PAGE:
Article #8: Pesticides—There Are Workable Alternatives To the Dusts, Sprays, and Oils by Joan Jackson
If there is a secret to garden defense, it is common sense. There are no easy answers about what is right—or best—to use in that defense.
While the pesticide-environment battle goes on, the backyard gardener fights his own private war, sometimes in unorthodox ways, to save his crops from insects and diseases.
Is there a happy medium between the shotgun gardener who tries to do too much and bombards his plants with dusts, sprays and oils at the first sign of invasion, and the purist who establishes his garden and then refuses to use any chemical means to protect it?
There are good pesticides—and bad ones. And there are alternatives that work—and ones that fail. A smart gardener weighs them all, experiments with some, and uses what works best.
The beneficial ladybug is probably the best known insect in the garden. This little beetle has done wonders for making poison-free gardening possible.
How do you keep your ladybugs from doing the “flyaway-home” routine? They will only stick around if there is enough to eat. You probably won’t need ladybugs until summer, when the pest problem is at its worse.
Water your garden then in the early evening, carefully place a container of ladybugs about 15 to 20 paces apart at the base of the plant. In the morning, they will begin climbing the plants and sampling the insects (aphids are a favorite—one ladybug will eat 50 aphids for breakfast).
For the average backyard garden, one container of ladybugs should be enough. Where to find them? In the summer, they are sold commercially through garden supply stores.
Invite a creature into your garden. A toad or a frog, for instance, is a good friend to the gardener. Ninety percent of a toad’s food consists of insects, most of which are harmful to the garden.
To encourage a toad to stick around, provide a modest shelter so it can rest out of the sun. Cut a small entrance in a box or chip in an opening in the side of a flower pot, and bury it a few inches into the ground, preferably in the shade. You might even provide a shallow watering hole-pond; if not keep the shrubbery around your Toad Hotel damp.
Some people may feel squeamish about it, but picking off bugs by hand is a perfectly logical solution. If you squash or rub off pests as soon as you notice them, you may not need a pesticide later on.
Remember, many insects come and go with the season, and will come and go with little damage to your garden if you just let them alone.
If aphids are bugging you, give them a bath. A strong squirt of water will wash them off leaves; or you can rub them off by hand. Still got aphids? Then try a soap bath. Make a strong solution of soap—not detergent—(Ivory Flakes, for example) and water using three tablespoons of soap flakes to a gallon of tepid water.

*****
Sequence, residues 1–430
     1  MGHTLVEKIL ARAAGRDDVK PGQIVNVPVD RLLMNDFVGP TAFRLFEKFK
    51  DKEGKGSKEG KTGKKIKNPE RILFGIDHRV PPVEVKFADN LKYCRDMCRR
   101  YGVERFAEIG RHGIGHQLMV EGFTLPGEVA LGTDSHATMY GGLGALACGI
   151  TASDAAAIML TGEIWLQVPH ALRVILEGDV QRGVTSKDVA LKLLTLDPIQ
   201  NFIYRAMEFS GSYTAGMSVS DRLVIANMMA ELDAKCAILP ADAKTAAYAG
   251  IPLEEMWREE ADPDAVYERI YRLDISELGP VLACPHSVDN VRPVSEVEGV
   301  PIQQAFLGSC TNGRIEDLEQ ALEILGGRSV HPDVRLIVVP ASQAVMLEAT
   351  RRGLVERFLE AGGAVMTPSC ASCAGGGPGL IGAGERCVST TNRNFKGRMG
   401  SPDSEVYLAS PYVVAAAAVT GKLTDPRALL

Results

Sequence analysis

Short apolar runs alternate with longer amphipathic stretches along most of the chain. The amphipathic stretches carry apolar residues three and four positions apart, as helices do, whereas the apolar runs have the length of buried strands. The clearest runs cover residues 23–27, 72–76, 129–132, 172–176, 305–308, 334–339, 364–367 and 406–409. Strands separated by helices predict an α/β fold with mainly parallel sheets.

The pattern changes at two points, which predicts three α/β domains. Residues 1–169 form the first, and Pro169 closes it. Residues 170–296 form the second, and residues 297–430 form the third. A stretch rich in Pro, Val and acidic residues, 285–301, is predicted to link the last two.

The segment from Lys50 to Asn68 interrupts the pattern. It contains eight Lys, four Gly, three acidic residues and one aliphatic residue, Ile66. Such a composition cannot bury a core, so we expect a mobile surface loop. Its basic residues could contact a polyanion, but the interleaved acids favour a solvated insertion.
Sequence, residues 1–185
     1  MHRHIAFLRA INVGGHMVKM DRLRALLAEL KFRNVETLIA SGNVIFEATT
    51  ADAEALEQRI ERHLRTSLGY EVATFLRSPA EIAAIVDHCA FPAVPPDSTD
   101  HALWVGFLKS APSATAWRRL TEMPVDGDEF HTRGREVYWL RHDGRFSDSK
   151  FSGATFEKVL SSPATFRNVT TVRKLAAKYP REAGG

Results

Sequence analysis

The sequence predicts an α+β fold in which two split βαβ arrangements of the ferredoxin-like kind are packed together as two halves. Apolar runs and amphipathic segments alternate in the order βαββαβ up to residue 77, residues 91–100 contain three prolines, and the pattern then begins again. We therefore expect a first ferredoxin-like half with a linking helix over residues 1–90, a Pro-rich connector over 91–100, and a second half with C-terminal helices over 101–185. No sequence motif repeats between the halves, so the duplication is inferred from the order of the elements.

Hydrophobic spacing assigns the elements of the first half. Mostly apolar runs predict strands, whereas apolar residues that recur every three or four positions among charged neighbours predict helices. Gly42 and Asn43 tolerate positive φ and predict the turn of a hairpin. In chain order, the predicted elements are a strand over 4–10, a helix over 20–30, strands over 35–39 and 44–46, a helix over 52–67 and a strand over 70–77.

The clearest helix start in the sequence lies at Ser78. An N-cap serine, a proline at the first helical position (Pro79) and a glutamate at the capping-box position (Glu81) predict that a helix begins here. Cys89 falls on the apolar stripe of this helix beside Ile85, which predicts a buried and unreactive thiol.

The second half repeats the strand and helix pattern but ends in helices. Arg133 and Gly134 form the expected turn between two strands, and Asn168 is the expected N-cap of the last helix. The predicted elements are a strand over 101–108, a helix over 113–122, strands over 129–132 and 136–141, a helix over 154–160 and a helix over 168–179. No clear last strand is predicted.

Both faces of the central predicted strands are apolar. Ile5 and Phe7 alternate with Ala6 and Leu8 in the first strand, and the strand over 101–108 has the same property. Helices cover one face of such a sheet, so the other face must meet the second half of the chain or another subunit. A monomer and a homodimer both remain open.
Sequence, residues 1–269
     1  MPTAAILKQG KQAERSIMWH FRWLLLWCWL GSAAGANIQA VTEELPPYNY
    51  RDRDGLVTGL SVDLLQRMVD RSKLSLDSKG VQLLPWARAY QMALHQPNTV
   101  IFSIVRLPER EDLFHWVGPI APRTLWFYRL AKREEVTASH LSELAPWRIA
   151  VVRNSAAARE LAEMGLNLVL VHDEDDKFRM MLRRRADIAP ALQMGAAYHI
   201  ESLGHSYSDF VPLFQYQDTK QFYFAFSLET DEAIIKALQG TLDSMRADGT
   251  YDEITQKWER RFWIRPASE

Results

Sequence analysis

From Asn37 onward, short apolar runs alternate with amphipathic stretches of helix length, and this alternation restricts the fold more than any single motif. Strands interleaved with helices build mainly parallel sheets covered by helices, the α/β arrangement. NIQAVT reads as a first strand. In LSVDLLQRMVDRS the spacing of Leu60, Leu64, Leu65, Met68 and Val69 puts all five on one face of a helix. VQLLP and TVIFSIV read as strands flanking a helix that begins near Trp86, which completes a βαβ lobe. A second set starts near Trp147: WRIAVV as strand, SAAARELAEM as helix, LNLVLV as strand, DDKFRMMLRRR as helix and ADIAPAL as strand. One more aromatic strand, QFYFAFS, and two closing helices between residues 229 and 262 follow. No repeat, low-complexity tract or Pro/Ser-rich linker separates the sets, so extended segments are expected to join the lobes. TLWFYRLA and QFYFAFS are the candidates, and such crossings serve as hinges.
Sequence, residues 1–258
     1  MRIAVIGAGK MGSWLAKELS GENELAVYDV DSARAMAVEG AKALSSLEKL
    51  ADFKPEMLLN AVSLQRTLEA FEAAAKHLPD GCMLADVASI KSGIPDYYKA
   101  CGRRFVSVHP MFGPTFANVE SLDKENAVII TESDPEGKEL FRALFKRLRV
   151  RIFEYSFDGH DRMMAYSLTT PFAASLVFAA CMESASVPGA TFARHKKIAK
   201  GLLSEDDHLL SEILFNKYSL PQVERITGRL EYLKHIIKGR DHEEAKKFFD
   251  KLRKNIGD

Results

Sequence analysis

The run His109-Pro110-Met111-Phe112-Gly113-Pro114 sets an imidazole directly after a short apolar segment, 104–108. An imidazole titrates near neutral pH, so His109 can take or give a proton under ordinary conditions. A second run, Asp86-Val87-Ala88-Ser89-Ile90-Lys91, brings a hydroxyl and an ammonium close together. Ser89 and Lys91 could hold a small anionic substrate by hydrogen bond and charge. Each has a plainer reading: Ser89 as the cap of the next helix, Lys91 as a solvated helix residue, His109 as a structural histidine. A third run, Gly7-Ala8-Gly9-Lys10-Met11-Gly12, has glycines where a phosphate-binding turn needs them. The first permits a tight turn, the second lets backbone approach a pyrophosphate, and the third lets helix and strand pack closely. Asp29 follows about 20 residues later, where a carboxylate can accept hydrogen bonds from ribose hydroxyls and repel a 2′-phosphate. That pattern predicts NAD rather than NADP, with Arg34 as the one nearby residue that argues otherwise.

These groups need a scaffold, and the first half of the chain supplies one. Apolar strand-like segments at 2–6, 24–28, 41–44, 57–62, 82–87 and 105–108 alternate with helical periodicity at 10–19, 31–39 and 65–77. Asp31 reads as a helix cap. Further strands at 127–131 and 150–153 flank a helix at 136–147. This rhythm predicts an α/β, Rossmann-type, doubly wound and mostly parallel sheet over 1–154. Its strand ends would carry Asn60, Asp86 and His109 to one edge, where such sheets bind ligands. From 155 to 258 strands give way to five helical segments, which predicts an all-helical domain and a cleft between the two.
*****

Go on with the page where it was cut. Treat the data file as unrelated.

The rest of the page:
Use your hose and sprayer to cover the infected plant with suds, wait a few hours, and then wash the plant off with plain water.
Lo, the beautiful marigold. It should be freely inter-planted with vegetables because of its pest-repellent properties. The gardeners say the French marigold and the tall odored American marigold seem to discourage many garden pests, especially nematodes and rabbits.
The marigolds exude substances from the roots which will rid the garden of nematodes if planted each year. The ones with the strongest odor are the most effective and have been reported to repel pests ranging from bean beetles to rabbits.
You could write a book about ways to get rid of snails—and you’d still have snails.
One way is to “go looking” for them late at night—about 10 p.m.—with a flashlight. Hand pick them and dispose of them.
Snails also are supposed to be beer lovers. All’you need is a pie pan and some old beer. Make a depression in the ground and set the pan in it, so that the rim of the pan is even with the soil. Fill the pan with stale beer (that’s the secret—the stale beer). The snails will crawl in and drown in the brew. Change the beer every few days.
Why is it that some gardens are plagued by a hungry horde of insects and others remain clean and bug-free? In gardening, an ounce of prevention is worth the time. The rules are simple:
- Keep your garden healthy without poisons by shaping up the soil with amendments and nutrients.
- Get rid of plants that are damaged by pests or are sick.
- Use seeds and plants that are disease or pest resistant varieties.
- Keep it clean. Rake up leaves and toss out fallen fruit and dead flowers.
- Water and fertilize regularly. It is part of the “keep ’em healthy” routine.
- Keep after the weeds. They offer a comfortable home for insects. For the same reason, the ground should be cleared of all crops once harvesting is completed.
- 1. Organic Gardening Is The Counter-Part Of Natural Hygiene
- 2. What Exactly Is Organically-Grown Food?
- 3. Soil Analysis
- 4. Basic Steps To Establish A Successful Garden
- 5. Gardening The Magic Way-With Mulch, Compost, Sea Weed Spray
- 6. Soil Requirements For A Successful Organic Garden
- 7. Approximate Amounts Of Compost, Mulch And Water
- 8. Planting Your Garden
- 9. Insects: Friends And Foes
- 10. The Case Against Commercially-Grown Foods
- 11. Four Methods
- 12. No Space For A Garden?
- 13. Harvest Of Pleasure And Health
- 14. Questions & Answers
- Article #1: Vegetable Preferences
- Article #2: Companion Plants
- Article #3: Nitrogen Fixation By John Tobe
- Article #4: pH Preferences Of Some Plants
- Article #5: Dirt Cheap? Nonsense! It’s Vital to Garden
- Article #6: Soil Test Secret To Success By Gene Austin
- Article #7: Pesticides—They’re Killing Bugs—and the Land By Ronald Kotulak
- Article #8: Pesticides—There Are Workable Alternatives To the Dusts, Sprays, and Oils By Joan Jackson
- Article #9: Containing Inhibits ‘Raiders’ By Gene Austin